Reply to "redak" on Derrida's _Spectres of Marx_

David McInerney davidmci at
Tue Nov 28 20:09:54 MST 1995

 On Tue, 28 Nov 1995, redak <h8706333 at> wrote:

>>Marxism presents itself as excessivley anxious to distance itself from
>>its own past.  In his recent "Marx's Purloined Letter", NLR 109, 75-109,
>>Jameson when *defending* the notion of class argues that there is
>So you quoted the article of Jameson in the NLR which is about Derrida. What
>do you think of the rest of the Jameson-text and  - in case you have read
>also Derrida - about his new book (Spectres of Marx)
>     --- from list marxism at ---

"Redak", you may have seen the post I sent in before commenting on Derrida
and the response by Ahmad.  A further reference you may wish to look up is
a review article on the French edition of _Spectres de Marx_ (Paris, 1993)
in the August 1995 issue of _Economy and Society_.

I personally have little time for Derrida's spiritualist appropriation of
Marx.  Here is my former contribution again for your reference (from 2
November, 1995):

>>You may have already talked about this, but I was wondering if anyone has
>>looked at Derrida's _Spectres of Marx_ in enough depth to post a brief
>>Jane Gregg
>>Dept of American Studies
>>University if Canterbury, New Zealand
>I read the extract in _New Left Review_ No. 205 and the response by Aijaz
>Ahmad in _NLR_ # 208.  I lent my copy of _NLR_ # 205 to 'somebody' who I
>am unable to remember.  I purchased the book when it came out but it
>doesn't seem to offer much more excitement than the _NLR_ piece.  It's all
>so rusty now but what stuck with me about Derrida's piece was that he
>recommends discarding practically all of marxism except for a throw-away
>line about 'spectres' which he then interprets in the terms of Laclau's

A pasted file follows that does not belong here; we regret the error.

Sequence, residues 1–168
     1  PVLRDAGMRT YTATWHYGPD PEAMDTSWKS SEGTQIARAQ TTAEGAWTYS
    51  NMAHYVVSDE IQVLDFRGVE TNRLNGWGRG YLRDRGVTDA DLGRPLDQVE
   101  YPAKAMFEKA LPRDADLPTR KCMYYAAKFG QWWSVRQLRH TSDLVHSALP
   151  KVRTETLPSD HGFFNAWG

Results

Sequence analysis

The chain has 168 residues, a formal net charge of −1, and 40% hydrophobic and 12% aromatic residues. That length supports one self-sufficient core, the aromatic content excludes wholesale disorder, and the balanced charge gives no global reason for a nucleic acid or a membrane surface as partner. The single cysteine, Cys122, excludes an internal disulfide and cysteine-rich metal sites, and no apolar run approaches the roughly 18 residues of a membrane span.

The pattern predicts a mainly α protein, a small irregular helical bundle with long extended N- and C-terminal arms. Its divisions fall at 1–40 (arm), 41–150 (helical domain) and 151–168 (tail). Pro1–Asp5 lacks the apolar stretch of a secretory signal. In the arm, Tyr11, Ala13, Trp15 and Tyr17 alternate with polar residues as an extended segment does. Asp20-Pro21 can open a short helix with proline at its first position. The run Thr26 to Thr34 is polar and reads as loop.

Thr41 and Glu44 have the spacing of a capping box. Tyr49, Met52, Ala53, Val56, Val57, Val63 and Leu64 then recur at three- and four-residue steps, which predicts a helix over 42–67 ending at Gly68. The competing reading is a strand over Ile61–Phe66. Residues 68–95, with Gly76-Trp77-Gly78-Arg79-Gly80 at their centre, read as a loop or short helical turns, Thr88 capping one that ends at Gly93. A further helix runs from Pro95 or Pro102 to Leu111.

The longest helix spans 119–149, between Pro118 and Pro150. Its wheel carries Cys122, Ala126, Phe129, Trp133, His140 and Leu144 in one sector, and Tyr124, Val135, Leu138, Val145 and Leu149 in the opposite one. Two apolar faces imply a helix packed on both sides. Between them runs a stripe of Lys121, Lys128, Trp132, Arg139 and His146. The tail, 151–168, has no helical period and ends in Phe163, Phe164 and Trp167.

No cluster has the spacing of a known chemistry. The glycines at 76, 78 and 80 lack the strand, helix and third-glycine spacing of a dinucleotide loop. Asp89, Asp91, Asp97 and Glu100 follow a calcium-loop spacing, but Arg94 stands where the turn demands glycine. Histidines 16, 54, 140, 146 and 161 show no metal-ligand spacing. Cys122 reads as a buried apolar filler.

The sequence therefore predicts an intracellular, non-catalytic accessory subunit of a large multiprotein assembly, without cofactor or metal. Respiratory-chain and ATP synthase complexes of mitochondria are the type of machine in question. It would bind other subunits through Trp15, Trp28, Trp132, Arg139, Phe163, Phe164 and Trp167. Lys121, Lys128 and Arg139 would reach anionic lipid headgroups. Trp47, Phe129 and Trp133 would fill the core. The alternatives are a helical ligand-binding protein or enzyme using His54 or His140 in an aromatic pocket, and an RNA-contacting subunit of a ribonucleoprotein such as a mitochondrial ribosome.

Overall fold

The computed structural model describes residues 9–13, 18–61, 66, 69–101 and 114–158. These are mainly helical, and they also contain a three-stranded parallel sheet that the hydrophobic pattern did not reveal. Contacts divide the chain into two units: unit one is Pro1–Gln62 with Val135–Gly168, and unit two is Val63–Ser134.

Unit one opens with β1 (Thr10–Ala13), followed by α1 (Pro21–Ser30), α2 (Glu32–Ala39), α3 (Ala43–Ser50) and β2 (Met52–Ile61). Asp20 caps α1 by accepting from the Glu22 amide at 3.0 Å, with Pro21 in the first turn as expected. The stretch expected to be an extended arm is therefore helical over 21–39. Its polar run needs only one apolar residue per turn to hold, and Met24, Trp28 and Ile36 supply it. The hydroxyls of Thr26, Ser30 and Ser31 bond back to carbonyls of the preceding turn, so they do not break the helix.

>'New Reflections on the Revolution of Our Time' as a sort of return of the
>repressed which arises out of every attempt at hegemony.  Of course, this
>sort of thing is deconstruction's strong point, and the mad prince of
>deconstruction, dear old Derrida himself, has privileged access to all
>that remains valid in marxism and therefore becomes the leader of the
>decontructivist Fourth International, and a veritable fifth column in the
>academy, finding lots of repressed things in Shakespeare and thereby
>holding up the banner of his idealist revolution ... The cynic in me
>suggests that Derrida wants to repress the few remaining marxists in the
>acedemy, usurp their rich theoretical legacy, reduce it to a bit of
>bullshit about Hamlet's dead father, and then claim he's 'doing it all for
>us'.  Suitably paternalistic for the son, who, in the grip of the
>Oedipus-complex, looks to replace the father and take control of the
>I haven't read Jameson's article.  It seems longer and perhaps more
>'balanced' than Ahmad's openly political piece.  Perhap's I lost interest
>in it for that very reason.  I think the important thing to remember here
>is 'what side are you on?', as, in the words of another ghost, 'philosophy
>is a political weapon'.  I recommend all Marxists on this list to read
>Derrida's piece in _NLR_ and Ahmad's response.  Here's a quote from Ahmad
>on Derrida's relation to this other ghost:
>>As regards the way Derrida formulates the issue of 'teleology' and
>>'messianic escatology', he is right when he says that Althusser's
>>philosophical project dissasociates Marxism from both of these.
>>Althusser surely sought to retain a concept of scientificity and to
>>derive the project of socialism from the contradictions of capitalism
>>itself, not from some voluntaristic or quasi-Hegelian notion of History
>>whereby the working class is *ordained* to overthrow capitalism (i.e. a
>>teleological but also primitive, cyclical notion of history in which the
>>communist society of the future returns to the primitive communism of the
>>remote past, only at a much higher stage, thus closing the circle in the
>>form of a Second Coming in accordance with the messianic prediction of
>>Salvation). (Ahmad, 'Reconciling Derrida', p. 94)
>Nevertheless, Ahmad is somewhat kinder on Derrida than I.  Read it.  I'm
>sure that several of Derrida's notions (like those of Jacques Lacan) may
>be useful to Marxists.  But in what way, and by what criteria?  But by no
>means should we let the deconstructivists and the psychoanalysts ride on
>our backs.  If need be, we should crush them under our (theoretical?)

Mr. David McInerney,
Political Science Program, Research School of Social Sciences,
The Australian National University, Canberra, A.C.T., AUSTRALIA  0200.
e-mail: davidmci at; ph: (06) 249 2134; fax: (06) 249 3051

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